TEACHING PLAN FROM ABBREVIATED FOUR EVENTS

A number of learning taxonomies are commonly used to guide instruction, and
the common includes Bloom (1956) and Gagne (1985). The importance of
taxonomies is overwhelming as they provide structure for the rational intended
learning outcomes in any given situation. From learning outcomes, we are able to
analyze content and conduct effectively instruction. Though there are undoubtedly
several instructional methodologies proposed in the literature, one which can be
useful is the 4-point instructional process proposed by Alessi and Trollip (2001).

According to
Alessi and Trollip, the complete instructional process takes students
rough four stages. First, students are exposed to information or learning experiences.
Second, initial guidance is provided as the student struggles to understand the
information or execute the skill to be learned. Third,  extended practice is offered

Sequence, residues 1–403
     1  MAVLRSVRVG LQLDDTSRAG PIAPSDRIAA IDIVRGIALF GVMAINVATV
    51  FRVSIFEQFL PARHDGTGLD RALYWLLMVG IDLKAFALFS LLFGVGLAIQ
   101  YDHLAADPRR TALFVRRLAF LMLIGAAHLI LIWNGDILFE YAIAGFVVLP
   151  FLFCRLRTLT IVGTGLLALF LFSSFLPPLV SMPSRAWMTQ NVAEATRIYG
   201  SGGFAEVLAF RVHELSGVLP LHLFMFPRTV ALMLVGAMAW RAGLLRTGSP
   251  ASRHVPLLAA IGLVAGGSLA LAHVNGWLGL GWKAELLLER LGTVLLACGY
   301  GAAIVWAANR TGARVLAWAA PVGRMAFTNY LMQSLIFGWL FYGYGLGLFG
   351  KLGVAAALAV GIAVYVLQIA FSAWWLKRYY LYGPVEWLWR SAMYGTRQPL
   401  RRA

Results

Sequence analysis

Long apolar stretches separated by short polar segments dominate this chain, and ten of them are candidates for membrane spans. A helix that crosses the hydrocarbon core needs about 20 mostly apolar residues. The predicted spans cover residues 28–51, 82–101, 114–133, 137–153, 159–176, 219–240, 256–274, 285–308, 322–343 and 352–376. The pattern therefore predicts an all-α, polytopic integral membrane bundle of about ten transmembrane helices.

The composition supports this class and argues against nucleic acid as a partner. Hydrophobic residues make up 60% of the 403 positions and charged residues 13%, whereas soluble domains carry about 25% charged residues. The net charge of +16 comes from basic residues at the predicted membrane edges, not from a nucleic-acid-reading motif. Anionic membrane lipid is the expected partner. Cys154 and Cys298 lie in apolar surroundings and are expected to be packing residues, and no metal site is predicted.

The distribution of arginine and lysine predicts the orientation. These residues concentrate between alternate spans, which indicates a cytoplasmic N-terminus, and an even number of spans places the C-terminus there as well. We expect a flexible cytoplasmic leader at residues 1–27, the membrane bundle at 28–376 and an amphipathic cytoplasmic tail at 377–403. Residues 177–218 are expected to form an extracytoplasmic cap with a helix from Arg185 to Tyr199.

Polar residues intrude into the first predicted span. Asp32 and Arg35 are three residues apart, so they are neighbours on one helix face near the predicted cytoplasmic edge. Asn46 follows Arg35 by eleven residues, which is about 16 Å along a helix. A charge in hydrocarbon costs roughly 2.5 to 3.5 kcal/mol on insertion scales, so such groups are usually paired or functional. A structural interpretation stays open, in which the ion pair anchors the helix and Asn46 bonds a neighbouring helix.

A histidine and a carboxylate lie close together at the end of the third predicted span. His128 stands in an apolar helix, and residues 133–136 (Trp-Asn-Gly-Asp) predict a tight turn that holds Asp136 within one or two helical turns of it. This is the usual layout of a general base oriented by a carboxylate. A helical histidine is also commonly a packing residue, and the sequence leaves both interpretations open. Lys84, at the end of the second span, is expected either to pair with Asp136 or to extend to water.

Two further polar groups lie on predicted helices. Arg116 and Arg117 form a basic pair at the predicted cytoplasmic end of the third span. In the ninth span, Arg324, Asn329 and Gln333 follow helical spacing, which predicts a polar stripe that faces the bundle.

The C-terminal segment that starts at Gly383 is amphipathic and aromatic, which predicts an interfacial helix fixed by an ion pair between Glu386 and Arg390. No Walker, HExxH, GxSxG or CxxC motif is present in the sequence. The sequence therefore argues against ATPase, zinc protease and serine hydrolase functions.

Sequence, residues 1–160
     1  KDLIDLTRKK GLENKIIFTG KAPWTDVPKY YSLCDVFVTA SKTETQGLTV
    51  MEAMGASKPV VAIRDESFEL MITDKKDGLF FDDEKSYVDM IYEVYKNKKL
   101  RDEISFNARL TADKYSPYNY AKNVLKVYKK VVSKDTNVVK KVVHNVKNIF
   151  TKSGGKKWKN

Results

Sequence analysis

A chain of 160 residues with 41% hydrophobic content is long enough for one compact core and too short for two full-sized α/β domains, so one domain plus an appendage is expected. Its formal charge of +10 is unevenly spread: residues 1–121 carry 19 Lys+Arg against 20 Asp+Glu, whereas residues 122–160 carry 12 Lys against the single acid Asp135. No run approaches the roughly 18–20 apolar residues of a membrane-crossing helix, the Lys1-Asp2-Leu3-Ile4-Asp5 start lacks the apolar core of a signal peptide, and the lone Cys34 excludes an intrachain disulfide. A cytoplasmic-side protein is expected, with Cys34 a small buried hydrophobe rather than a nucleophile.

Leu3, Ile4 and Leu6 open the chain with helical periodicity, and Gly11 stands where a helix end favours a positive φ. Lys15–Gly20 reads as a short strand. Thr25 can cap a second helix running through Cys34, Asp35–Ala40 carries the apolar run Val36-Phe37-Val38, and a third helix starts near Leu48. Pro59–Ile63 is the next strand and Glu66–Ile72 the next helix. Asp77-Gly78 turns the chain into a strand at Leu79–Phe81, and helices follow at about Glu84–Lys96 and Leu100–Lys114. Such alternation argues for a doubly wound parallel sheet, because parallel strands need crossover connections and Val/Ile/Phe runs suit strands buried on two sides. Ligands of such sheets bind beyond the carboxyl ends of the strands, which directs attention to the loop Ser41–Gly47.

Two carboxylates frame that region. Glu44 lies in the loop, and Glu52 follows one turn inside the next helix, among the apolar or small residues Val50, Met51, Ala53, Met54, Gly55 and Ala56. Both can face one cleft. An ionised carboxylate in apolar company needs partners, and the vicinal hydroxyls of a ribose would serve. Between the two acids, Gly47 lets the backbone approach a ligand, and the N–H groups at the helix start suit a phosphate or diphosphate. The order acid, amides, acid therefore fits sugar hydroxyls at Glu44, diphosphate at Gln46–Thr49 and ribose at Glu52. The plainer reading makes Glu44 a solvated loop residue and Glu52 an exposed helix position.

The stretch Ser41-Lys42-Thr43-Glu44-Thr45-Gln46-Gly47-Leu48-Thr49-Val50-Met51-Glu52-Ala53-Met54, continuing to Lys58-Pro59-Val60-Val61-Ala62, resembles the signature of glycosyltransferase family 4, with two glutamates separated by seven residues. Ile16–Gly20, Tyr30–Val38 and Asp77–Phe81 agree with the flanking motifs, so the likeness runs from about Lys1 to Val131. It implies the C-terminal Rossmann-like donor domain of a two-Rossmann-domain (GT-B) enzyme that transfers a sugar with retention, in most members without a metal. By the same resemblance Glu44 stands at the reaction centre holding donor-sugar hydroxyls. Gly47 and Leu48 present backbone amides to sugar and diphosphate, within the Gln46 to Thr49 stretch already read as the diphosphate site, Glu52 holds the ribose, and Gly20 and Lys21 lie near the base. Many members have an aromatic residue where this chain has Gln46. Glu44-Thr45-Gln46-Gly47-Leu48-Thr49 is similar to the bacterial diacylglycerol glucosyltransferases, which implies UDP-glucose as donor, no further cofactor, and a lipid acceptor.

so as to provide fluency or to ensure retention. Lastly, an assessment of student
learning is done for performance measurement and feedback purposes. This
model appears to be abbreviated version of Gagne's nine events.  

Gagné created a nine-step process called the events of instruction, which
address various conditions of learning. These nine steps can be very useful for
academic librarians in their design of instructional workshops, seminars and
classrooms to support their work in information literacy: In addition, the theory
outlines each contiguous instructional event and corresponding cognitive
processes:
  1. Gain attention of learners (reception)
  2. Inform learners of learning objectives (expectancy)
  3. Stimulate recall of prior learning (retrieval)
  4. Present the content (stimulus), and break it down into components
      to information overload (selective perception)
  5. Provide "learning guidance" (semantic encoding)
  6. Elicit performance (practice/ responding)
  7. Provide feedback to learners (reinforcement)
  8. Assess their performance (retrieval of information)
  9. Enhance knowledge retention and transfer to real-life, authentic work
      (generalization)

Unlike Gagné's nine events, the model developed by Alessi and Trollip is more
refined and easy to use in planning and delivery meaningful instruction and effective
learning.
                                          
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